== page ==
Charlie Baker Freshly Baked

At the risk of sounding completely unprofessional, I would like to summate that Charlie Baker's new stand up show Freshly Baked is ‘alright.’

Baker's wide eyed, energetic approach to stand up didn't really strike a chord with the 7.15pm Edinburgh crowd. Most jokes were met with subdued titters at the most. Granted, a few well formed gags helped the auditorium to erupt in laughter; but more often than not we were left straight faced.

A facet that didn't help Baker's show usually came when a joke nose dived: he would laugh at it himself, a cardinal sin for any stand up comic. This alienated the audience further distancing himself from the laughs he so desperately desired.

Contrary to this, there were moments of genius in this homegrown Devonshire show. I loved his brass band impression and stories about his wife and school days were easily relatable. There was also a plethora of jokes on display - puns, wit and clowning all form part of Baker’s act, a figurative rainbow of comedic talent . This talent, however, was never exhibited in the right way to coax belly laughs from the audience, each style energetically executed and apathetically received. Something just didn't quite click.

Annoyingly, all of the jokes in the show were called back for a giant final gag that fell flat. The last punch line felt predictable and was an apt anti-climactic conclusion to the show.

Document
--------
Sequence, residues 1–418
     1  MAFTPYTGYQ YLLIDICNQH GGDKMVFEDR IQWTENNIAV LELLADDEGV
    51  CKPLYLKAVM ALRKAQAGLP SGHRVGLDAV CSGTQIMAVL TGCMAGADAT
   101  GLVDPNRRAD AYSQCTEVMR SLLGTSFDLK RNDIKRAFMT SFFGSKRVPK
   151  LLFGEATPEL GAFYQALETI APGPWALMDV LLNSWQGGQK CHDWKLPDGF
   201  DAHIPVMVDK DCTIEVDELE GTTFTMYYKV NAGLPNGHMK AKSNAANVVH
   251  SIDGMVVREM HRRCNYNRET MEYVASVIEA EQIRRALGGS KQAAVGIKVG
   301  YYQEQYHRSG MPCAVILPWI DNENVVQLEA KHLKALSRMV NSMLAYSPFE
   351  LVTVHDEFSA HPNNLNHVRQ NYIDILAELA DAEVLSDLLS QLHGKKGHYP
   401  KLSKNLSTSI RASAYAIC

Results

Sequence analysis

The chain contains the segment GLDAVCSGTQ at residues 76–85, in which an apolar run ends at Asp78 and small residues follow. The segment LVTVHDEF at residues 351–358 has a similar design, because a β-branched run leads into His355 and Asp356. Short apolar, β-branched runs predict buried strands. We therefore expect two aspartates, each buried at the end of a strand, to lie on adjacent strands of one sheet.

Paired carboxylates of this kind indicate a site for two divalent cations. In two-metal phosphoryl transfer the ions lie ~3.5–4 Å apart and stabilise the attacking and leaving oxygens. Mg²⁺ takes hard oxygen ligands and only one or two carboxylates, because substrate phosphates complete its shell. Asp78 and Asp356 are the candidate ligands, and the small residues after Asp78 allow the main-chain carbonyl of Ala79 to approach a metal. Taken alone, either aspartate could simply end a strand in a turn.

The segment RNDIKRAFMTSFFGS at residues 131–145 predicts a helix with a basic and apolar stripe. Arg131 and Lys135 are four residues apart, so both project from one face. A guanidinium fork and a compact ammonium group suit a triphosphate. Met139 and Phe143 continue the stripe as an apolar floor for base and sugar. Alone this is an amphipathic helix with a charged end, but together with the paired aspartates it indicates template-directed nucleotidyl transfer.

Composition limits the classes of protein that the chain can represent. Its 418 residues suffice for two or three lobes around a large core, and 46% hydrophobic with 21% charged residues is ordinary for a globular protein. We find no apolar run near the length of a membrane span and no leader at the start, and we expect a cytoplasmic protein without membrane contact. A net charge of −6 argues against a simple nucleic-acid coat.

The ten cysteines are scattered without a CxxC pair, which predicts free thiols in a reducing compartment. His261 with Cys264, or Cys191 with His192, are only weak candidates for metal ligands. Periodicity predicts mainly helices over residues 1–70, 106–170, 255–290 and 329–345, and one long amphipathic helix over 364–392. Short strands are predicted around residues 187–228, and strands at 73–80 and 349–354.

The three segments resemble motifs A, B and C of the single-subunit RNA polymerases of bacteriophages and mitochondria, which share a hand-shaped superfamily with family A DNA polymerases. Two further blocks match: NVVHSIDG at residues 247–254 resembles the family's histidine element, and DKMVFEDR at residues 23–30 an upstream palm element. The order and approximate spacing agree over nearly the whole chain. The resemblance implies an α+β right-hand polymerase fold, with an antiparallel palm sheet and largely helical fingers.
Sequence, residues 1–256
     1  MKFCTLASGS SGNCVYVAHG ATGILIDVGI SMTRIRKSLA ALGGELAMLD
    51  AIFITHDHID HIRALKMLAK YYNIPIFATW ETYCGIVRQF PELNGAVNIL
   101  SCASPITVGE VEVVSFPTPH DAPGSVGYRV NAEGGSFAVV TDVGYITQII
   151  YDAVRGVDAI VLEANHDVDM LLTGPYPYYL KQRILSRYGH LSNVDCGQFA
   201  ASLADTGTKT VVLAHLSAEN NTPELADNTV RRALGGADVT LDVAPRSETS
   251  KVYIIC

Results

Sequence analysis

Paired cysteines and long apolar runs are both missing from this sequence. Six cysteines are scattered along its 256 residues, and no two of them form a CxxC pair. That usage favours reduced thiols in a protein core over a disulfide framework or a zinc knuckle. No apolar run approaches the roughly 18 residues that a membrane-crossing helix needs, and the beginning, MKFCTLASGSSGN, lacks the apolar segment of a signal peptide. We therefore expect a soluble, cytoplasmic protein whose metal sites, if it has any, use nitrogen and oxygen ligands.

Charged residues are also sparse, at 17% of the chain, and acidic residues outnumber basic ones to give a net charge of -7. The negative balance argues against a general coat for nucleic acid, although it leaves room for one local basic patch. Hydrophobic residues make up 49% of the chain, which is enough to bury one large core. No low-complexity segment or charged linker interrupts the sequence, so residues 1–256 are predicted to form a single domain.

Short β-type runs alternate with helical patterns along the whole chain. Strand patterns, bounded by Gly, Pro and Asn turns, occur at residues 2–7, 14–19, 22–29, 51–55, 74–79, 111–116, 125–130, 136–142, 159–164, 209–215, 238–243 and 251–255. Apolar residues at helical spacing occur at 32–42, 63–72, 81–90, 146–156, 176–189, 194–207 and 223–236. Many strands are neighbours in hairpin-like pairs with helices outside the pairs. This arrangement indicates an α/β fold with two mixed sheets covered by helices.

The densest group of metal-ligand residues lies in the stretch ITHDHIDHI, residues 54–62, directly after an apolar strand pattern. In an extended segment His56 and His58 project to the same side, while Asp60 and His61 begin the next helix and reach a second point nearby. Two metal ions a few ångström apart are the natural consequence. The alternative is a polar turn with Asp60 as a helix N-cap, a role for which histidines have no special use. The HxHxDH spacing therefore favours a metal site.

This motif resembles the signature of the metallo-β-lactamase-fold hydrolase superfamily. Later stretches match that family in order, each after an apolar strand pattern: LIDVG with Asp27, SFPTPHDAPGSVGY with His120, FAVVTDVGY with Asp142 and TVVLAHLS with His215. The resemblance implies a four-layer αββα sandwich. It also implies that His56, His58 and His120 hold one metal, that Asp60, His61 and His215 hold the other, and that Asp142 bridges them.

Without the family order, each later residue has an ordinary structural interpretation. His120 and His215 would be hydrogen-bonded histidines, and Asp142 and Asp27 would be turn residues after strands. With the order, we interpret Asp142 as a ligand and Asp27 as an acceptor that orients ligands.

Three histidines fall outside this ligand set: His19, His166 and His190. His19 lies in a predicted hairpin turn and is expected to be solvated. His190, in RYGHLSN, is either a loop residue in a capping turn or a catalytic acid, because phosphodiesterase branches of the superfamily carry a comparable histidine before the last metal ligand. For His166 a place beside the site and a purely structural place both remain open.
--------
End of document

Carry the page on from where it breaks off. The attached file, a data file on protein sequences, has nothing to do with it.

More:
Baker’s show feels lacking in verve and this leads to prolonged moments of silence in the audience. Although it is a funny show with moments that every onlooker can relate to, the show feels more stale than Freshly Baked.

Since you’re here…

… we have a small favour to ask. We don't want your money to support a hack's bar bill at Abattoir, but if you have a pound or two spare, we really encourage you to support a good cause. If this review has either helped you discover a gem or avoid a turkey, consider doing some good that will really make a difference.

You can donate to the charity of your choice, but if you're looking for inspiration, there are three charities we really like.

Mama Biashara
Kate Copstick’s charity, Mama Biashara, works with the poorest and most marginalised people in Kenya. They give grants to set up small, sustainable businesses that bring financial independence and security. That five quid you spend on a large glass of House White? They can save someone’s life with that. And the money for a pair of Air Jordans? Will take four women and their fifteen children away from a man who is raping them and into a new life with a moneymaking business for Mum and happiness for the kids.
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The Blurb

Stand-up from award-winning comedian, singer, actor, writer and tap dancer. Also husband, father, son, runner, Devonian and overeater. A fresh comedy hour from 'Devon's answer to Frank Sinatra' (Guardian). **** (Scotsman).

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